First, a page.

[You cannot deceive that blessed Spirit whose province it is to search the heart and try the reins. He requires “truth in our inward parts:” he requires that your heart be right with him; that you “walk in the Spirit,” and “pray in the Spirit,” and “live in the Spirit,” and give yourselves up altogether to his godly motions. Do not therefore dissemble with him, lest he give you up to your own delusions, and seal you up in utter impenitence to the day of final retribution. Of those who held the truth in unrighteousness, we are told that he gave them up to a reprobate mind. I pray you, bring not upon yourselves this heaviest of all judgments: but to-day, while it is called to-day, surrender up yourselves entirely to his guidance, that he may “make you perfect in every good work, working in you that which is well-pleasing in his sight through Christ Jesus [Note: Heb_13:20-21.].”]

3.       Those who are endeavouring to please him in all things—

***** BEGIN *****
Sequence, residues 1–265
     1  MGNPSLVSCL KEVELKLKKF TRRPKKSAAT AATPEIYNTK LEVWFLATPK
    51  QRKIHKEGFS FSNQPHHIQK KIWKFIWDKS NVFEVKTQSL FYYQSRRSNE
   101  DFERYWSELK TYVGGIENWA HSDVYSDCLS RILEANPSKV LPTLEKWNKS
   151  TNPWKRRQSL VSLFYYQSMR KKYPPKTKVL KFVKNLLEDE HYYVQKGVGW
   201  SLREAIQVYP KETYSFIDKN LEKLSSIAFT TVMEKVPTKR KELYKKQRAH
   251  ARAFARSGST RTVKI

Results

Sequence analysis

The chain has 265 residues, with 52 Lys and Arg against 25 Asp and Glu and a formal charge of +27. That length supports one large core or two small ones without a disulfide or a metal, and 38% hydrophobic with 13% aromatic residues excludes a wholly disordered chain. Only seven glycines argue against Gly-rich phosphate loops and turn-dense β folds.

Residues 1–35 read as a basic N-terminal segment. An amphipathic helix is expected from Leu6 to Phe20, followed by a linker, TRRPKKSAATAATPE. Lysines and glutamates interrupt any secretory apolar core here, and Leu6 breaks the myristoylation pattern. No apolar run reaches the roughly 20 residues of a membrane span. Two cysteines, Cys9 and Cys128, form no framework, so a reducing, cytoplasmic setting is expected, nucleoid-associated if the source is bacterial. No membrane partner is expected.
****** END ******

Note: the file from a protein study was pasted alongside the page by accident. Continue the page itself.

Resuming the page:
[The day of redemption is near at hand. O blessed day, when all the remains of sin and sorrow shall be for ever banished from the soul! Look forward to it; and order your every action, word, and thought, in reference to it. Pray to the Holy Spirit to work yet more and more powerfully upon you, in order to prepare you for your appearance before the judgment-seat of Christ. Guard against any sloth in the ways of God, lest, like the Church of old, you cause him to suspend the communications of his love [Note: Son_5:2-6.]. Pray to him to give you that white stone, which none but he who has it can appreciate, and which has on it the name written, which none but he who possesses it can read [Note: Rev_2:17.]. Then shall you already even now enjoy a foretaste of your heavenly inheritance, and in due season “have an abundant entrance ministered unto you into the kingdom of our Lord and Saviour Jesus Christ.”]